Things are moving kind of slow on the house this summer. I have managed to add some more hobbies onto my already crowded hobby list. I have decided it is important to keep a good balance between working on the house and other diversions. I need to work on the balance part more though.
Sometimes I have also just been plain lazy and pushed any kind of balance out of the way. I think about all the tools I will need to drag out and how I still need to go to the store for this or that. Then it will occur to me that after doing all that I will have very little time before dark and will feel disappointed or frustrated with my lack of progress and be less apt to start it again in the future. So I just skip all that frustration by not doing anything at all. It's all rather unreasonable and I need to get myself in gear.
As far as the actual progress I have made, I have gotten every first floor window that I started working on in the fall painted with two coats. I still have some second story windows to finish but I was dragging my feet on those.
One thing that was causing friction from me really pushing ahead was the thought of having to rent a hydraulic lift for a substantial length of time to work on the upper levels of the house that are unreached by a ladder. Scaffolding can work but over 15' you have to "tie off" to something which means lag bolts going into the side of the house. I don't like the sound of that. Then it occurred to me that if I could remove my window sashes, I could do a lot of the painting and glazing from inside the house without the need for contraptions to reach things.
Enter Habitat for Humanity and Michigan Historic Preservation Network. They jointly sponsored a "Porch Preservation" workshop. A group of about 15 people met in the Grand Traverse neighborhood to look at porches in disrepair while an expert answered questions and told us what would need to be done to restore the porches. The expert was a man named Randy Klepinger who specializes in restoration carpentry and historic window repair. Long story short: I paid him come to the house on the morning of July 4th for a few hours to teach me how to perform invasive surgery on my windows.
After spending 5 hours with Randy, I'm a lot less afraid of messing around with my old windows. He showed me the "sweet spots" of where to poke and pry, places where I should be gentle, and places where I should get rough with the hammer and pry bar. It seems like the worse thing that could happen (besides accidentally hammering through a pane of glass) would be breaking a parting stop in half and having to remake one on the table saw.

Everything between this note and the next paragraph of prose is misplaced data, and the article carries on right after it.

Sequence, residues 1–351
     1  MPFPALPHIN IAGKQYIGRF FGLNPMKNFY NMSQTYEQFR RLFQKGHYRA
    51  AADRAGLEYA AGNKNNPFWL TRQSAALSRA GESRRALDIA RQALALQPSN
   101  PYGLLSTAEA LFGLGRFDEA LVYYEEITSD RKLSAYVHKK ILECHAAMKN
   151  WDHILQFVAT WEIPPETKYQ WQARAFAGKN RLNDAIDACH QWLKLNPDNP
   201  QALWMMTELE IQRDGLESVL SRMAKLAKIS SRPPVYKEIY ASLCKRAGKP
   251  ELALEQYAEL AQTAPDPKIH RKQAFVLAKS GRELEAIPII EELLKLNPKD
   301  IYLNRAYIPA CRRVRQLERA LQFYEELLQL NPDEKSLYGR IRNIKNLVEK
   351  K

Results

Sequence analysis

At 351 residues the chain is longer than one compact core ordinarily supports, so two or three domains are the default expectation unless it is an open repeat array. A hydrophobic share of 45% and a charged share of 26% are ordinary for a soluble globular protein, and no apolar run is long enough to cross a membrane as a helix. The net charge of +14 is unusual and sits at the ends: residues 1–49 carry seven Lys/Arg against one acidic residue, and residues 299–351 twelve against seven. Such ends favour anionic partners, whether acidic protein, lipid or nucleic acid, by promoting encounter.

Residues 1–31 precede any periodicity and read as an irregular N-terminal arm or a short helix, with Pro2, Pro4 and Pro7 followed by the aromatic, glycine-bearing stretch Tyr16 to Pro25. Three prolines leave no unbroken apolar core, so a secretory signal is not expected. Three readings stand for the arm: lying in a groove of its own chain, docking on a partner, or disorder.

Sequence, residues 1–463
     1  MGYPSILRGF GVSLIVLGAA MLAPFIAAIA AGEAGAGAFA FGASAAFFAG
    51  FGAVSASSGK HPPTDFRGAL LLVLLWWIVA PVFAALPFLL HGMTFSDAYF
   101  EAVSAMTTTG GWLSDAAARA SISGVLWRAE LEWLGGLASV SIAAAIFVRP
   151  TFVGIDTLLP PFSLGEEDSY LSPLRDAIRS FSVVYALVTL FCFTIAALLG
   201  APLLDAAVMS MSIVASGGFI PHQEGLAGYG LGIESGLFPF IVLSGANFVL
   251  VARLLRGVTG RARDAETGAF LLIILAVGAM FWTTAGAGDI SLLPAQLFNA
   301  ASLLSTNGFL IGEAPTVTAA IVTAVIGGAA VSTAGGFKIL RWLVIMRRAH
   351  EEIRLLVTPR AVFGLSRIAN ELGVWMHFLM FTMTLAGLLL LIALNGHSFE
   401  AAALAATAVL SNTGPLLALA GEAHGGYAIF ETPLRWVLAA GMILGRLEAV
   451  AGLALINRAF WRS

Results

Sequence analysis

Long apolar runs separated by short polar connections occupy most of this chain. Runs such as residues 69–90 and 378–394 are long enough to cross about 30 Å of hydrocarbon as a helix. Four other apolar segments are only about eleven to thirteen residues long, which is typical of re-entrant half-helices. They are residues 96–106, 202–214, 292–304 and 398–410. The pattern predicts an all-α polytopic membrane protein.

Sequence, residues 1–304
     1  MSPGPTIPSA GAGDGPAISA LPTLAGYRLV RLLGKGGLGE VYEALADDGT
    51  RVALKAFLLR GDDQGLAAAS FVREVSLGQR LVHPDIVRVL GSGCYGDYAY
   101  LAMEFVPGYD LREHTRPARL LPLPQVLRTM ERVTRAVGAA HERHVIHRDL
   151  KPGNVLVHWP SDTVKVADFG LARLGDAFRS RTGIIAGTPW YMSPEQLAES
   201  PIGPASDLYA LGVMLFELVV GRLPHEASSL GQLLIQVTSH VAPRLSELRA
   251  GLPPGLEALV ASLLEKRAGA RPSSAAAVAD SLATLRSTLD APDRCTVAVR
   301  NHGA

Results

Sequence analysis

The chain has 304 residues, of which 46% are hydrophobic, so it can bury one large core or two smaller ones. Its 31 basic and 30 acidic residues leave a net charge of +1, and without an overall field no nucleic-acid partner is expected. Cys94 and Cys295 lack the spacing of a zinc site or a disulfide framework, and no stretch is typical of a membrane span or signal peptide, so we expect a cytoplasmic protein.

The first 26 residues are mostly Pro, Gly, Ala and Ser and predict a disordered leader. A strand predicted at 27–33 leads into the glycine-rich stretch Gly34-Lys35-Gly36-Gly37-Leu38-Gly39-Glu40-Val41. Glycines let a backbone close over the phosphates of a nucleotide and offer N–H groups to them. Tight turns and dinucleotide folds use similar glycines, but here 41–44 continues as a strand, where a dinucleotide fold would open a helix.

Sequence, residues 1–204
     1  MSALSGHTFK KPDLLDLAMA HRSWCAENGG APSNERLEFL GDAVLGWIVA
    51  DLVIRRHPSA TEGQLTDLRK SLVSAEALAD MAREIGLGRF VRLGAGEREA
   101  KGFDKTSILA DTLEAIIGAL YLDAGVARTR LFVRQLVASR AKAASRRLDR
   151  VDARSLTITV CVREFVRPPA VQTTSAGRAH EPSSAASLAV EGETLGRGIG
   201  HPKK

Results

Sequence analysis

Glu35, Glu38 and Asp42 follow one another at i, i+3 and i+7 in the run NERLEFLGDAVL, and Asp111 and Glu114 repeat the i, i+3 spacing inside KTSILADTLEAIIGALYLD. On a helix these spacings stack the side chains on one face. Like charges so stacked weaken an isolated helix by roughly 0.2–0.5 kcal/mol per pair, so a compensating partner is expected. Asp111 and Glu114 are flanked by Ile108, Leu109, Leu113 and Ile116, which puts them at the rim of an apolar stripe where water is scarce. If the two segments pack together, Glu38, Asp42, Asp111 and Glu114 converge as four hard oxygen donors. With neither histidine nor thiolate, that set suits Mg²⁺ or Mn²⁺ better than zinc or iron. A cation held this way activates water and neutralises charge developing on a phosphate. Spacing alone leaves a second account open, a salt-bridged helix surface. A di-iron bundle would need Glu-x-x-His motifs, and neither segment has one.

He showed me how to:
- remove the interior stops without totally ruining the paint job
- get windows to meet in the middle again
- pop out/cut through nails holding the weatherstripping in place
- pry the parting stop out without breaking it in half at the meeting rail
- gently coax a stuck upper sash down and off its weatherstripping
- quickly remove loose window glazing
- use a heat gun to remove stubborn glazing without cracking the glass
- prime the sash and smooth new glaze more quickly
- rehang window sashes on rope or chain so that they operate smoothly and quietly
He also gave me advice on fixing some plaster problems and preserving my porch columns.
I will add more to this post when I have some time to upload pictures.
Now I have some new motivation. Spending a few hours with a window in a comfortably cool basement rather than outside on a ladder or scaffolding sweating and being eaten by mosquitoes is very appealing.
Moral of the story: get out and network with other homeowners and experts. And don't be too proud to ask for help! Leaning on Randy's lifetime of experience will help improve the quality of my life by not making the exterior restoration project get too out of hand in time and money!